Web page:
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Nest 1A live streaming restored

The live web link to Nest 1A has been restored today. This is what you’ll see much of the time!

Mrs YA presides over sleeping chicks
(c) Forestry Commission England

But there is action.

(c) Forestry Commission England

Press HD for best quality in the clip.

Here’s the address, which is also in the “Nest 1A webcam” page in the menu.

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Cracking visitor photos!

We’ve received some lovely photos from a couple of visitors to Kielder, taken in very dfferent locations.

The first two photos were taken by Richard from Co. Down. He was in the bird hide along Forest Drive. For those who don’t know Kielder Water and Forest Park, the Drive is a forest track which links Kielder to the A68. The bird hide overlooks a pond, grassland and Kielder Burn. In late afternoon Richard saw an osprey catch a fish in the burn and eat it on a tree.

Osprey, Kielder
(c) Richard Moore
Bangor, Co Down

Osprey, Kielder
(c) Richard Moore
Bangor, Co Down

Richard’s photos and description of the event are very interesting. The osprey is likely to be one of the ‘floaters’ we see intruding on the nests. The forehead and deep chest markings are similar to the female who has intruded at Nest 4 a few times. The area she (probably) caught the fish is about 4 km from the shallow end of the reservoir.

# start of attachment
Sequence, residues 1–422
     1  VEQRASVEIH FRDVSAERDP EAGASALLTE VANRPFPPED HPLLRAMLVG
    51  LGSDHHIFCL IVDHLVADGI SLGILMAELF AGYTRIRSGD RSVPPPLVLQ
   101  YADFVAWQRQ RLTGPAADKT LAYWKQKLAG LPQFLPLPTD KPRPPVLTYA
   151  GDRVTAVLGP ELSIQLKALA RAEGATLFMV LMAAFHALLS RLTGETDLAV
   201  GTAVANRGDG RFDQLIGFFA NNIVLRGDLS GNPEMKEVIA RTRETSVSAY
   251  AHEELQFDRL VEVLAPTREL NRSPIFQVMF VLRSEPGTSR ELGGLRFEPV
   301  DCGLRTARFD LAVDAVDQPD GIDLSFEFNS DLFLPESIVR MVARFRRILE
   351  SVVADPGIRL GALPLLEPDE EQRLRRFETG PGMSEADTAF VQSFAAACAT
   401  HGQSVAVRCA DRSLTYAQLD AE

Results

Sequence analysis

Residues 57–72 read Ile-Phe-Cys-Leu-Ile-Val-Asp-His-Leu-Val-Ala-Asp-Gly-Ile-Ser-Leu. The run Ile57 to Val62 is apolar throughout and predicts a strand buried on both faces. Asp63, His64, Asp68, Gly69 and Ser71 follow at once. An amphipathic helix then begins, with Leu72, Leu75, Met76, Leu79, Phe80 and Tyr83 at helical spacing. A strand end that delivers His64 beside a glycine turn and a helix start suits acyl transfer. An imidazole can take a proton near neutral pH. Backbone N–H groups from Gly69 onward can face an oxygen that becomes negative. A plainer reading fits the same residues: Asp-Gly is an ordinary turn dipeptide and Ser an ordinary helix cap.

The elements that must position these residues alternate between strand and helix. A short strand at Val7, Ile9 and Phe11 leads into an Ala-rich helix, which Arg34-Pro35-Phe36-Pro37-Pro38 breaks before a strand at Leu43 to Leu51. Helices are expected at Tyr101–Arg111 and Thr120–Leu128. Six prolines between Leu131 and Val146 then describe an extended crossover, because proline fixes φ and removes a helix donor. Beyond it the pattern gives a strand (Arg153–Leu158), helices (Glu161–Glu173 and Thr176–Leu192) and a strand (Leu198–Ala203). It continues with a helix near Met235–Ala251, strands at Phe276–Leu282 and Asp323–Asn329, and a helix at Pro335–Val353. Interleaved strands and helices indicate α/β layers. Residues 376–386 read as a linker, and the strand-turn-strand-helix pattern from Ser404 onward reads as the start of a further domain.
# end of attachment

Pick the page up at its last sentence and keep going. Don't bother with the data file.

The other photos kindly sent to us are from Gareth, who was on the first of the Calvert Trust/NWT motorboat cruises on 11 June. The weather was showery and windy but the guests on the cruise saw four ospreys foraging at the same time. What a treat! Here are Gareth’s photos. The ones in the slide show were taken within a few seconds of each other, an action sequence.

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Slightly later
(c) Gareth Nixon

You can see the blue ring on the left leg. This is probably the result of that foraging!

69 arrives with a fresh catch
(c) Forestry Commission England

We’re very grateful to Richard and Gareth for allowing us to share their photos on the web.

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Nest 1A is back

Our young Glaslyn visitor Blue W0 must have had a magic touch – the Nest 1A stream is back at Kielder! Actually, we have the Forestry Commission Radio and Electronics Branch to thank. Live streaming on the web should resume by Wednesday after some additional work.

We lost the nestcam shortly before the hatching of 4 eggs. Last year, YA and Mrs YA raised 4 healthy chicks to fledging. This year a chick has died after hatching. But the others look very fit. Early views of the nest weren’t exciting.

nothing happening, but how many chicks?
(c) Forestry Commission England

Soon afterwards, Mrs YA fed the chicks from a fish on the nest. It was clear only 3 of the 4 had survived. But they look very healthy. Here, a chick takes a morsel.

not everyone is hungry
(c) Forestry Commission England

This clip shows all the chicks. Press HD for best quality.